Yes you can certainly see delayed onset muscle soreness (DOMS) changes on ultrasound and if it progresses further you may diagnose rhabdomyolysis.
With DOMS you will have a clinically swollen and (tight) firm muscle following excessive exercise. It will be tender on palpation.
The sonographic findings are that the muscle will be swollen compared to the contralateral side and the muscle will have increased echogenicity.
It is a diagnosis I make regularly.
If you watch the MSK pathology principles webinar on the website you will see examples.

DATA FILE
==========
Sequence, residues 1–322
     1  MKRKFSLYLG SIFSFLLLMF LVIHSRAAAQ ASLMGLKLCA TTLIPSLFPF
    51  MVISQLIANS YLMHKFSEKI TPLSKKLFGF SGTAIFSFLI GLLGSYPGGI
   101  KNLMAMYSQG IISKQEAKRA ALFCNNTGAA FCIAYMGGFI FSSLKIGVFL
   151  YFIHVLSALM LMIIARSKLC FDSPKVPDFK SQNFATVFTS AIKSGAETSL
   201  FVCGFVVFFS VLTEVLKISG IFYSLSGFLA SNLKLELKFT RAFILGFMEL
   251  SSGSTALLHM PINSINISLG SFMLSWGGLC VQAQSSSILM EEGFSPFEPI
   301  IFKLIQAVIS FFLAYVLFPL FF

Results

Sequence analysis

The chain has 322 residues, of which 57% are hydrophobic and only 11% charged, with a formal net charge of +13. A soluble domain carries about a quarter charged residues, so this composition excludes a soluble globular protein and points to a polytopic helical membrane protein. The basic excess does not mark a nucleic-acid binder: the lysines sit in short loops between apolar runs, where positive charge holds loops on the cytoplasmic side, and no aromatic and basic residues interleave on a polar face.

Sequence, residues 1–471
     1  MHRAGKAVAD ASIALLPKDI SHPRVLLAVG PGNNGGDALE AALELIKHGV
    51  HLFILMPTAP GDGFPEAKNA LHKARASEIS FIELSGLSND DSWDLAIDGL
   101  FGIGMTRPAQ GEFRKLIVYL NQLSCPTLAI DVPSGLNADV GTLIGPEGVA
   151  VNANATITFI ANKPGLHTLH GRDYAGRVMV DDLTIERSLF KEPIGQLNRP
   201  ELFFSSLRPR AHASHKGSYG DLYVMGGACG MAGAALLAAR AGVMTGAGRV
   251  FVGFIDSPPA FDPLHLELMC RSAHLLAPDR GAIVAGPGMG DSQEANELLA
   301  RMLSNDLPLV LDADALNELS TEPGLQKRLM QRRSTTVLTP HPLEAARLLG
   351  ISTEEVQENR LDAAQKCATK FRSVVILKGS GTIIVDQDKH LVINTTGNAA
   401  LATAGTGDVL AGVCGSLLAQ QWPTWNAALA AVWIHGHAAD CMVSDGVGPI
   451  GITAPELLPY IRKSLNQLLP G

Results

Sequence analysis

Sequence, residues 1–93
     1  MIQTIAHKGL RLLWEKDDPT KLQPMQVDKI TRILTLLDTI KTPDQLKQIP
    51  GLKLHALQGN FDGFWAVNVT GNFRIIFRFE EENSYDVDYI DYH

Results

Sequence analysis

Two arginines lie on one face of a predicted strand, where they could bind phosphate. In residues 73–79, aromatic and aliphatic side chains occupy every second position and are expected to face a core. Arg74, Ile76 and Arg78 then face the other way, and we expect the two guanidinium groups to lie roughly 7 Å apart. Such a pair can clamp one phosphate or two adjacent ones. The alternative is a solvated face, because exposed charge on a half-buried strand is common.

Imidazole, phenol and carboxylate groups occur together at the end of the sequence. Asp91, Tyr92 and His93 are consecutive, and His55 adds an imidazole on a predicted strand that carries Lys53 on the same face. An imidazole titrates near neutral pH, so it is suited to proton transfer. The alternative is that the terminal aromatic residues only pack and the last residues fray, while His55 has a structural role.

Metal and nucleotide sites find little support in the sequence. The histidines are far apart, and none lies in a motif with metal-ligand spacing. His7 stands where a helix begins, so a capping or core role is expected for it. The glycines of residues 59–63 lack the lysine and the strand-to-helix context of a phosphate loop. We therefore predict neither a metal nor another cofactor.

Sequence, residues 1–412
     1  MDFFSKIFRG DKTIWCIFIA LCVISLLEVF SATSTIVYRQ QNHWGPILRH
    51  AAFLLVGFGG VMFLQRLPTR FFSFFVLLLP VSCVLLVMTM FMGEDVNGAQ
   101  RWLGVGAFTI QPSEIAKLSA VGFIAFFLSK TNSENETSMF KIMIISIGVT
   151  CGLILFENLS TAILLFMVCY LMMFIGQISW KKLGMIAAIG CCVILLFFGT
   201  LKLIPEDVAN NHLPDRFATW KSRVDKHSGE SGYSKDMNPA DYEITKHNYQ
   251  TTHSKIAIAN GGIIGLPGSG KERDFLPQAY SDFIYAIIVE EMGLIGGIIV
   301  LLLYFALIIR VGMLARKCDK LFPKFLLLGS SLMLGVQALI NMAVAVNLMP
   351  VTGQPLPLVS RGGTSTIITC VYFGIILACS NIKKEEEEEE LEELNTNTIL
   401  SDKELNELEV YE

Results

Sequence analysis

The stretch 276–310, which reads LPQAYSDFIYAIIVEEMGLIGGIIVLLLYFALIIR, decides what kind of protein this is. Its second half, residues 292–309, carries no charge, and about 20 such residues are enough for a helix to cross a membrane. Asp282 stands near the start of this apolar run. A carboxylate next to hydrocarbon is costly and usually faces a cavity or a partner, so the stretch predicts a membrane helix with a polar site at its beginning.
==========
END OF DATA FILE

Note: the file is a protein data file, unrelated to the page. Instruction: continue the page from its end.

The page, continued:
Rhabdomyolysis has similar appearances, however you will see cystic areas appearing from the muscle breakdown and if you take blood they will have an elevated creatine kinase (CK)
For myofascial trigger points I have nothing to offer sonographically.
You can use your clinical skills, but the ultrasound does not help in my hands.
I would bet someone is exploring the use of elastography to identify these points !!!
You can count me as a sceptic with many of these applications of elastography, but I am open to being convinced if the evidence is strong.